Option 3: Visit a local elephant camp, one of the oldest camps around and say hello to the elephants before taking a one hour bamboo raft down the river. After a day of trekking this cool ride is a relaxing a refreshing end to the day.

On our trek, we went with option 2. We had a late lunch at a local restaurant famous for its pork and Phad Thai and then the kids loved exploring the caves and seeing the local temple.

Buddha images inside the caves
Buddha images inside the caves
The kids and Nicole having fun with shadows!
The kids and Nicole having fun with shadows!
Cool rock formations in the caves.
Cool rock formations in the caves.

We all fell asleep in the van on the way back to the hotel! It was a great day and Peo, our guide, was a pleasure to be around. He spent time telling the kids about what we were seeing and doing, but also giving us space to just take it all in.

I’m pleased that we have a trekking option that I think really highlights the best of the hill tribes in Chiang Mai. It isn’t a costume parade, but you get a sense of life in the rural countryside and you get to really experience the beauty of the country. Also, my kids had a great time and didn’t cry once! Totally a win!!

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Andrea’s heads back to Southeast Asia and shares her top tips for family travel

In today’s blog Andrea talks about heading back to Southeast Asia with her kids to celebrate Journeys Within’s 10th anniversary and gives her top tips for travelling as a family…

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It was the perfect time to head to Thailand, Laos and Cambodia just days after finishing up our 10 year anniversary celebration in the US! Having gone through the photos and been reminded people and places I have visited in the past has been an amazing trip down memory lane. To now be able to pack up the kids and experience it all again is exciting.

On this trip we visited Bangkok, Chiang Mai, Luang Prabang and Siem Reap. We tried out some of our old favorites and experiencing some new tours. I was excited to see our guides and thank them for their hard work and incredible energy over the last high season. I was also very excited to meet some new guides!

Mostly I looked forward to seeing my team and to see my kids back in the area of the world I love so much. My kids have done such a great job adjusting to life in America, but I don’t want them to forget the friends and experiences they grew up with in Cambodia! Since I haven’t traveled with the kids much in the last year it came as a bit of a surprise how much more work it is to prepare three people for travel rather than to just hit the road solo. Packing, prepping and scheduling becomes a lot more intense for a family and it made me appreciate our guests and what their preparations looks like before their big family trips! With that said, we boarded the plane to Asia ready for our adventure.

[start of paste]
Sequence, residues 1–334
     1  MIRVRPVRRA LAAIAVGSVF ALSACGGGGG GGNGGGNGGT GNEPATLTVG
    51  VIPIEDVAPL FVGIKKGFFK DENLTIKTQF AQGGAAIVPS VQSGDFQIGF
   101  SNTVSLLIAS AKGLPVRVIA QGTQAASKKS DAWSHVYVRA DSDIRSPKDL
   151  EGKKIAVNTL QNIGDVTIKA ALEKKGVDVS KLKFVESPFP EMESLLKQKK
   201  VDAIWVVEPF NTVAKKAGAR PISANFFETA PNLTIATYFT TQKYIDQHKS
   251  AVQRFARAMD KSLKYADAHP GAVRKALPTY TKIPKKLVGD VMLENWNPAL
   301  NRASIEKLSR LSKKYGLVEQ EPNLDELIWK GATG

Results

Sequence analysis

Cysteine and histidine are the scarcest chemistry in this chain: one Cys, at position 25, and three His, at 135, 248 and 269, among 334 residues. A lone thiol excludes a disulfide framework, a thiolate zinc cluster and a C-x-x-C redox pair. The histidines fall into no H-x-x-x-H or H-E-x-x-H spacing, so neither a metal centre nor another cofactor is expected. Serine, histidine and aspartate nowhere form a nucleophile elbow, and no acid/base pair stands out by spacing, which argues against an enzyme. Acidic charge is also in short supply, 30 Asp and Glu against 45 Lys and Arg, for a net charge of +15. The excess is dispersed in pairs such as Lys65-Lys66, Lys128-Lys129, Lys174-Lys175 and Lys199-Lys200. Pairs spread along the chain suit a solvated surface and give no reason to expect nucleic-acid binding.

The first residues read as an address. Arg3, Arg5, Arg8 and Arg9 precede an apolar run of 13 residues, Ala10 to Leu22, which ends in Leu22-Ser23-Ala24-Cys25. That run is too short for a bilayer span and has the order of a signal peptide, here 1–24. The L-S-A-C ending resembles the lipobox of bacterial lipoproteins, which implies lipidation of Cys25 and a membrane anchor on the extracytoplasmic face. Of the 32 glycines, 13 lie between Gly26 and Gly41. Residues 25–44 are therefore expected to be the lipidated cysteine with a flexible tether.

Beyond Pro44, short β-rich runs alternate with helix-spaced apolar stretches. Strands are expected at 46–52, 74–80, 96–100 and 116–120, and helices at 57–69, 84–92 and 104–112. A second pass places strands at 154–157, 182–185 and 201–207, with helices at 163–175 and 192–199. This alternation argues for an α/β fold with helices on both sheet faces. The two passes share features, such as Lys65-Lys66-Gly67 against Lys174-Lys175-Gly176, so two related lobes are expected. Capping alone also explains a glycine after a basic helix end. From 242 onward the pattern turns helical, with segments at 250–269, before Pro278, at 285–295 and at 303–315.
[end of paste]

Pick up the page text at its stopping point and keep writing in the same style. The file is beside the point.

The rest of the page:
Here are 5 things I recommend for long flights with kids between the ages of 5 and 10:

1. Tell them where you’re going and what the schedule is. I realized that once I gave my kids the itinerary and explained the plan as well as had them help me pack, they seemed to relax. We forget as adults what a mystery a lot of life is when you’re young. Traveling is a lot more fun when you feel in control at any age!

2. Pack a lot of snacks, including a “meal” for the plane. My kids hate plane food so to help them get through the very long flight to Asia I like to keep them fed. We took Cup Of Noodles on the plane, the flight attendants happily filled them with boiling water and my kids had some comfort food and their bellies full so it was much easier for them to go to sleep.

3. Go to Target or the craft store and have them pick out an activity each. Then it’s new and exciting and keeps them entertained on the plane.

4. Set expectations. I am not the entertainment manager! From when my kids were very small I have explained to them that I am not the activity director on the plane. I will provide snacks and help with any issues, but they have to keep themselves entertained. I’m sure there are amazing moms everywhere willing to play 14 hours of UNO 30,000 feet in the air…I’m not one of them! For the most part my kids respect this and as they get older it seems to be even better! They play with each other, watch movies and play in their activity books and I get to read, watch a movie, or, miraculously, sleep.

5. Be kind. This is our travel mantra. When everyone gets tired and cranky and just wants to get there already kindness helps. Siblings that are at least thinking about trying to be kind fight less and this mantra is probably for me more than anyone!